This is classic Wayne: pop-culture references, playful acknowledgment of the media, boasts of unimaginable wealth, sports references, and self-deification. The rhymes are scattershot, slanted, sometimes internal ("bath"/"Graf", "Federer"/"competitor"/"rhetoric"). 

And on "Georgia… Bush", the critically-acclaimed album closer, he goes after George W. Bush himself, slamming his response to Hurricane Katrina. Kanye West's accusation that Bush didn't care about the plight of the black community came off as ill-considered, but Wayne's critiques are the opposite: he is bitter, biting, and ferocious in his condemnation of FEMA's feeble actions in the wake of the destruction wrought on his home city. Don't miss the hidden track, a take on Tupac's "Ambitionz as a Ridah" that, dare I say it, demolishes the original.

Unfortunately, this mixtape is marred by its producer – the oafish DJ Drama – yelling his name and sprinkling irritating samples throughout, an incredibly tiresome practice known as DJ tags. DJ tags are a fixture of the mixtape scene, as any producer willing to lend his time to compiling an mixtape needs to self-promote. Regardless, if you can ignore the shouting, Dedication 2 is spectacular, dizzying and triumphant in its skill.

Da Drought 3 (2007)

(Wikipedia, DatPiff disc one and two)

Not many rappers release double albums. Keeping a listener's attention for a single disc's worth of rap is difficult enough. The rappers that possess enough skill to extend that over 120+ minutes of music are legends of the genre – Biggie, Tupac, Wu-Tang, Outkast. So it's extremely notable that Wayne was confident enough to release a double album for free. It's even more notable for how fucking great it is. If I had to recommend a single one of his works, Drought 3 would be it.

The beat selection is gloriously varied – in an interview, Wayne avowed that the only criterion for inclusion was whatever happened to be on the radio at the time. The beats are swiped from fixtures of the genre such as Nas and Jay-Z to modern rappers such as T.I. and Young Jeezy to utter curveballs like Gnarls Barkley. (Drought 3 can, thankfully, be found free of DJ tags, though there are tagged versions of it floating around on the internet).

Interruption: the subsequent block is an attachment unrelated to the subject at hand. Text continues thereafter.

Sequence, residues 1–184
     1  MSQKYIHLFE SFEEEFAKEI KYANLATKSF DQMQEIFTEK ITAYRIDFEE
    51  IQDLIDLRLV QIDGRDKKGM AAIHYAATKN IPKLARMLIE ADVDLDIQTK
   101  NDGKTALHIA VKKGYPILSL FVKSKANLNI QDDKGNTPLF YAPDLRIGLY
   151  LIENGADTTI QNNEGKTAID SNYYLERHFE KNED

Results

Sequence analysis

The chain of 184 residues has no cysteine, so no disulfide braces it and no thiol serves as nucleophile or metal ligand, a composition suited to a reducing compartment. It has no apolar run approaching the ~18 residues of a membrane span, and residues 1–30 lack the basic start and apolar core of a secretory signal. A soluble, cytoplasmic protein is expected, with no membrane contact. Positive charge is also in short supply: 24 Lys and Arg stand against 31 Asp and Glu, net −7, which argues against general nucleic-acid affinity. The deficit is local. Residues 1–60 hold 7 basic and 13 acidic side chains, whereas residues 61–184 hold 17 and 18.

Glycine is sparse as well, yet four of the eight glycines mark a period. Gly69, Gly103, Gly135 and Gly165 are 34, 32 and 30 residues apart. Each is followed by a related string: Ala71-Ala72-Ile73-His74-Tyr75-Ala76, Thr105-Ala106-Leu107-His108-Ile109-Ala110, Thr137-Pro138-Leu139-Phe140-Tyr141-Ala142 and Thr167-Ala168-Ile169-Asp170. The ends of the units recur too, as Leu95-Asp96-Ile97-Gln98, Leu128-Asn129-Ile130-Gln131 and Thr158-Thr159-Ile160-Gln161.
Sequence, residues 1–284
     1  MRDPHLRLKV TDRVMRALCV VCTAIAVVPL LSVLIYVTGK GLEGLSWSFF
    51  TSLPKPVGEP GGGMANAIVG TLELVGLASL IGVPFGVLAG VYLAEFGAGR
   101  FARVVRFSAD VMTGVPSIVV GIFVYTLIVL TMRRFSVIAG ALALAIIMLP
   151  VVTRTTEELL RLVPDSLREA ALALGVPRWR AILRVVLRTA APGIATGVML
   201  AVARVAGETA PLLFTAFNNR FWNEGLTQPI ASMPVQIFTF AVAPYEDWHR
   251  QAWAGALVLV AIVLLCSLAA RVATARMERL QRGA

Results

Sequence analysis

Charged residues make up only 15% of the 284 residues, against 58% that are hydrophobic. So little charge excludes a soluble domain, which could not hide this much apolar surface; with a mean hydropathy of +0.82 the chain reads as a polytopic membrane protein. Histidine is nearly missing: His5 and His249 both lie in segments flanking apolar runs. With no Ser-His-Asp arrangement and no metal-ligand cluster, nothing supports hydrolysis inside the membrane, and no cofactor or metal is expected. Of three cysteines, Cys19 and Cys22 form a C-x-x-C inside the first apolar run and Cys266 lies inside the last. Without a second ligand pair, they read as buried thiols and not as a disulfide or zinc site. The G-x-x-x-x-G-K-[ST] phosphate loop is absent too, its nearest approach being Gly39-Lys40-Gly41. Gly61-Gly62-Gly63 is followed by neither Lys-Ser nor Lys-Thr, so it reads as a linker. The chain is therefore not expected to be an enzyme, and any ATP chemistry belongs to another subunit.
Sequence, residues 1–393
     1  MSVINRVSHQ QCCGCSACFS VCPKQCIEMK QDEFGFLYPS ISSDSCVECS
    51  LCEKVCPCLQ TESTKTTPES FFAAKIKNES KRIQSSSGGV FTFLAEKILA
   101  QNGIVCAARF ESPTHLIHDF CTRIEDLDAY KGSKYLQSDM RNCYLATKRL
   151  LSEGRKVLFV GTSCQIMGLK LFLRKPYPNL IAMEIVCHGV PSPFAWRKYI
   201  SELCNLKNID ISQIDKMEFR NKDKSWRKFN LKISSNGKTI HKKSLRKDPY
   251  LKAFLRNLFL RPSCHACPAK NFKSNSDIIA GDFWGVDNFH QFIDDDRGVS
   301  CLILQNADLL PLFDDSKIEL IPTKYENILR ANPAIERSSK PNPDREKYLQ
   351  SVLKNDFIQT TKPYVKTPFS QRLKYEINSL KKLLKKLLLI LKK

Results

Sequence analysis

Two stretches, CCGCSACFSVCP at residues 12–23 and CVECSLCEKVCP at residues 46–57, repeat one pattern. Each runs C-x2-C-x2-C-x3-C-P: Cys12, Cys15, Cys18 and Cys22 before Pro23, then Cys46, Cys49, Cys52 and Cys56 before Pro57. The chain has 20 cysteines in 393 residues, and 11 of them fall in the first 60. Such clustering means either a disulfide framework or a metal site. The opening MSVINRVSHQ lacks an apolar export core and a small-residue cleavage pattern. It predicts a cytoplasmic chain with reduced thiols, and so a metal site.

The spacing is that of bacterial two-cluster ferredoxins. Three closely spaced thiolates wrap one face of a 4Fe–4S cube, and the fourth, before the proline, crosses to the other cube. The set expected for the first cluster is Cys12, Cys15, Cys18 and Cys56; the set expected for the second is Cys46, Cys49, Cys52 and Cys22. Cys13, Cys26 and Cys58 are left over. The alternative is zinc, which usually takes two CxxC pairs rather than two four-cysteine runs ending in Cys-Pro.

Wayne is at his deliriously stoned best here - woozy, syrupy, blunted, he leaps from simile to simile and rhyme to rhyme. He switches up his flow on nearly every song: Jamaican stylings on the introductory track, half-sung storytelling over "Crazy", languid braggadocio (and vroom noises made with his mouth) over Beyonce's "Upgrade". The second track, "Black Republicans", features Juelz Santana of the Diplomats and is an excellent indicator of how profound Wayne's 2006-2009 gestalt was.

Santana, a longtime friend and collaborator of Wayne's, is not a bad MC by any means and is comparable to Wayne in many aspects: they were both stars at a young age, they both feature a slow, gravelly flow, and are both thoroughly grounded in the gangster persona. Juelz's verse is perfectly adequate, interesting in its allusions if somewhat stilted in its flow:

Pockets stay chubby like Tocarra
Or should I say, fat like the Parkers
Tote big guns like I'm still playing Contra
Y'all washed up, like money that's laundered

But Wayne jumps in after about a minute of Santana's verse, and the difference is night and day. Liquid, virtuosic, tongue-twisting, alluding one moment to the right-wing predilection for public firearms, in the next the Ed Sullivan show, in the next Eagles quarterback Donovan McNabb. And he fits all of these into a mere twenty-five seconds of furious, intense flow:

(I feel like)
A black Republican,
Toting the Mac in public and 
Acting so Souther'n, die for my brother and
money, money, money, like money America publishing
One life to live, never ask for a mulligan
Streets cold, but the heat make me feel covenant
Been done, had cake, they late like Ed Sullivan
Fly like an Eagle but no I'm not Donovan

Wayne was featured on the original cut of "We Takin' Over", along with chums T.I., Rick Ross, Fat Joe, and adoptive father Birdman - and he utterly demolished them with a short, 16-measure verse. This was apparently not enough for him, as he returns to the track to incredible effect: he defends the photo taken of him kissing Birdman, then engages in some good old-fashioned bragging:

Lookin' for me? I'm in the three-oh-
five, I'm the best rapper alive
Homeboy got a mind that a map couldn't find
Homeboy got a nine that a cop couldn't find
But I could get to it even if I was blind
Like a scary movie, they screamin' when I rhyme
I'm a King, you can ask Stephen if I'm lying

then switches into straight-up free-associated yelling before ending the track just over the two-minute mark.

The Drought is Over 2 (2007)

(Wikipedia, DatPiff)

After the success of Drought 3 (yes, Drought and Drought is Over belong to two separate series of mixtapes; yes, it's confusing) Wayne began working on his next commercially-released follow-up, Tha Carter III. Drought is Over consists of the tracks that wouldn't make the cut on that album, but to describe it as a record of castoffs would be doing it a tremendous disservice: there's some seriously stellar production work here, from Kanye's work on "Did it Before" to Maestro's work on "Prostitute Flange". The sampling choices are wonderfully audacious: the Beatles's "Help!", Heart's "What About Love?", and, on "La La La", The New Birth's "You Don't Have to Be Alone." The latter is the standout track: the pitch-shifted soul of the sample is wistfully beautiful, and Wayne's story of growing up in New Orleans is charming in its sincerity and endearingly laid-back in its tales of young misbehavior: